BUILDING A CITY is intended as a guide to the first one hundred years of Melbourne architecture for the increasing number of people who are interested in the fine old buildings around the city and suburbs. These buildings record different periods in Melbourne's history: the primitive wattle and daub cottages built by the early settlers out of the crude natural resources; the mid-Victorian residential and puboic buildings that succeeded them, monuments to the superb trade skills of craftsmen attracted to Victoria by the Gold Rush; the grand mansions of the Boom Era, redolent with the opulence and confidence of their owners; the great Gothic Revival churches and cathedrals; the riot of late nineteenth-century Victoriana, the many extravagant and eclectic examples of Queen Anne and Edwardian architecture; and the modern work of the 1930s that is now the focus of renewed interest. The book arose out of the authors' mutual interest in Melbourne's architectural history. The text is by Granville Wilson, a qualified architect now lecturing in architecture and building, and the fine photography is by designer Peter Sands.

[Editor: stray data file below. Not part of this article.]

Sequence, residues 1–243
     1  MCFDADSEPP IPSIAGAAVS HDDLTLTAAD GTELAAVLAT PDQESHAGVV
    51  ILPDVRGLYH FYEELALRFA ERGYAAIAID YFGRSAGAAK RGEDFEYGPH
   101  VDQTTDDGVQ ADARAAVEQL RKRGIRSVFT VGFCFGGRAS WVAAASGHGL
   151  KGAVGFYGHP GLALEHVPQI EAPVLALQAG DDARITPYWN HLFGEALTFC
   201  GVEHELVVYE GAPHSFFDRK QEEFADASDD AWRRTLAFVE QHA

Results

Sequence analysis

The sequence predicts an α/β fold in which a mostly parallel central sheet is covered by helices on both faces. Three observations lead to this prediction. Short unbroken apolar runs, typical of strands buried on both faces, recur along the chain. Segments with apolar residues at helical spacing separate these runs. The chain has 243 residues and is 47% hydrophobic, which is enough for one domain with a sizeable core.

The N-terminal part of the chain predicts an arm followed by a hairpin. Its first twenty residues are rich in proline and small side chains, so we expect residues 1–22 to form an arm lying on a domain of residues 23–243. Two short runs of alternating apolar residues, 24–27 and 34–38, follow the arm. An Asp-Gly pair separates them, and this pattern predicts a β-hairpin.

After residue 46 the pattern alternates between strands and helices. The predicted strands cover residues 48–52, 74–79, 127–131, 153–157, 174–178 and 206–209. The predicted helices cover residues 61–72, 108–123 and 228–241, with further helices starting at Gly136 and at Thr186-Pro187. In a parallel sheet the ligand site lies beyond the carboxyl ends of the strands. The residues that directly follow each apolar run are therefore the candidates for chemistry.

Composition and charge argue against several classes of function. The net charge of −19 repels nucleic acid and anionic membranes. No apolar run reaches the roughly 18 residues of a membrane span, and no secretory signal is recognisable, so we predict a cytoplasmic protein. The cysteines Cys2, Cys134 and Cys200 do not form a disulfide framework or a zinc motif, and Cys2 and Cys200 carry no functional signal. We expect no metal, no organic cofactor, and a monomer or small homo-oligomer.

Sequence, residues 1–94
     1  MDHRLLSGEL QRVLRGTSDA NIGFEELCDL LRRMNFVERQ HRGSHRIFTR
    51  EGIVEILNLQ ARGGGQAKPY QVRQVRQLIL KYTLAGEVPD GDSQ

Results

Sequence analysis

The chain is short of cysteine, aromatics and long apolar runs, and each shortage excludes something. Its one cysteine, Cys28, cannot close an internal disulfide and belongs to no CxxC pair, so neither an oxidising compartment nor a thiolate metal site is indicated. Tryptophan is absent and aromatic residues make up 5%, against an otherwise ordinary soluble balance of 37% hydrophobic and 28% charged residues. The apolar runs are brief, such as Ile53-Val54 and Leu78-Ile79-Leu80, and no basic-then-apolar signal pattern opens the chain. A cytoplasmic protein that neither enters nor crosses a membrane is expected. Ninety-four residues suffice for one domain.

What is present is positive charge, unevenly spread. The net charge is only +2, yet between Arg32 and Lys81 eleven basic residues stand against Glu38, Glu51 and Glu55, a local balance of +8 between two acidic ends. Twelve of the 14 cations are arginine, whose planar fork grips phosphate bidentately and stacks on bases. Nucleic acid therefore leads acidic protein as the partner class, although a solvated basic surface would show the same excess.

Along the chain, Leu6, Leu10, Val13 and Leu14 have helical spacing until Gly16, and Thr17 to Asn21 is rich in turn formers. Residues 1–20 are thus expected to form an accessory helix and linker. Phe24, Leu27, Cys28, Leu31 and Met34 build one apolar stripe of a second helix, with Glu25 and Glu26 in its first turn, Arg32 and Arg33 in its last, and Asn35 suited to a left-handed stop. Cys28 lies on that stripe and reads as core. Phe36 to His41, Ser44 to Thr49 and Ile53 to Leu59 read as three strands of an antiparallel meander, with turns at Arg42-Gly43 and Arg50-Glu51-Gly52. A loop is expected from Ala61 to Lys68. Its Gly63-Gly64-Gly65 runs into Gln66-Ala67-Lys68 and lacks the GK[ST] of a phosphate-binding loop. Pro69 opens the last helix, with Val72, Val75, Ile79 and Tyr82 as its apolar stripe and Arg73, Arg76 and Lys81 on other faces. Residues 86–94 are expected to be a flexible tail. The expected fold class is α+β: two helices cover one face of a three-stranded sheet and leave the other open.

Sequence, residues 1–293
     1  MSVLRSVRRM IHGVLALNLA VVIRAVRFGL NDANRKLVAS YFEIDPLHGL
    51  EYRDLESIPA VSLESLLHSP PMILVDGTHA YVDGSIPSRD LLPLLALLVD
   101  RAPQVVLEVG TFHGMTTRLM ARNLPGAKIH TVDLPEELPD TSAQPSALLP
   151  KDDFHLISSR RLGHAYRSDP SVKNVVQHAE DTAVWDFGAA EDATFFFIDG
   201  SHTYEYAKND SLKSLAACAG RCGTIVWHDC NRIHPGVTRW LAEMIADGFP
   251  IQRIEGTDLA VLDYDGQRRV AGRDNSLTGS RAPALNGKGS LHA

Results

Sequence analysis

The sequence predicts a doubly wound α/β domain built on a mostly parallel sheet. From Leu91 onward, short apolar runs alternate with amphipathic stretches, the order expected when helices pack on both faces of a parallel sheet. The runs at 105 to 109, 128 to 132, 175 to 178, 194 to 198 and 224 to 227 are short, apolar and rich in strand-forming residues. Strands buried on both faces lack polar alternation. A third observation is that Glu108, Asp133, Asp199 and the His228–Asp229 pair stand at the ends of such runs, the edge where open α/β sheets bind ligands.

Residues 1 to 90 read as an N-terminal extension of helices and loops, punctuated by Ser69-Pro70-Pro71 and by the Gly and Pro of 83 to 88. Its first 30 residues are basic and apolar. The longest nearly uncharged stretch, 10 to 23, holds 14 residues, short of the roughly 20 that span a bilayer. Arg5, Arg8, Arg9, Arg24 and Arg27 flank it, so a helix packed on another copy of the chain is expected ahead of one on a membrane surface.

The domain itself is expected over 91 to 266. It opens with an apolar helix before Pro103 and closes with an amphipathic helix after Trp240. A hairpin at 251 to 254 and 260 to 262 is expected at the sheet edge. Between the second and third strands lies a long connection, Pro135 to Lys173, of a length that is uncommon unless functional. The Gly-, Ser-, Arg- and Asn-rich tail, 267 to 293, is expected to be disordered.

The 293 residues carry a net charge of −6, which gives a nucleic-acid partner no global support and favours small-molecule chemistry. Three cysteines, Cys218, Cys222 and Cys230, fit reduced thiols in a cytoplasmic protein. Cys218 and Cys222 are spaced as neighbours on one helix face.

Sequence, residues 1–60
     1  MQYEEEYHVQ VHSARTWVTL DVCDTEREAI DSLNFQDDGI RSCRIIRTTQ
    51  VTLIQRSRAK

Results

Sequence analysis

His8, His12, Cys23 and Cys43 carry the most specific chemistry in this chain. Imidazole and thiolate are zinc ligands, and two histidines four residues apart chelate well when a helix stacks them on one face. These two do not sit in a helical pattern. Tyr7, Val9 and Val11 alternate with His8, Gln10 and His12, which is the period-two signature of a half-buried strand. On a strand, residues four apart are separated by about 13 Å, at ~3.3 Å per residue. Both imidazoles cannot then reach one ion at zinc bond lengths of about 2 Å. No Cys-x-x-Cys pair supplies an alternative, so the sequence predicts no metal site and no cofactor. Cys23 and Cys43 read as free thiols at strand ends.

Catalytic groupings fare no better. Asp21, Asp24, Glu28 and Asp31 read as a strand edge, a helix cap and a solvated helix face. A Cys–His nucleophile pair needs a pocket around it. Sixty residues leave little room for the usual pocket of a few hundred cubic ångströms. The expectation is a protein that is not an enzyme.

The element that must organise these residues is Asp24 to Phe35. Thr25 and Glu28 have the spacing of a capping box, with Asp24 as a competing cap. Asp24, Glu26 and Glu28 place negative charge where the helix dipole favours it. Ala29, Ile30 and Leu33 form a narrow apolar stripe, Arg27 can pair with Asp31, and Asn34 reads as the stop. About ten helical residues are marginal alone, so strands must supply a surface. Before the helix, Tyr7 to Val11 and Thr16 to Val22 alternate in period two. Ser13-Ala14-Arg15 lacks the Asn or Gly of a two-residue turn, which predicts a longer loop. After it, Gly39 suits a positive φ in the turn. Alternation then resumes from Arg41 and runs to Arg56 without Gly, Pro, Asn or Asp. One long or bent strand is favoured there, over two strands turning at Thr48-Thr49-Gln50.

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Book Description Oxford University Press, 1982. Hardcover. Book Condition: New. book. Bookseller Inventory # M0195542924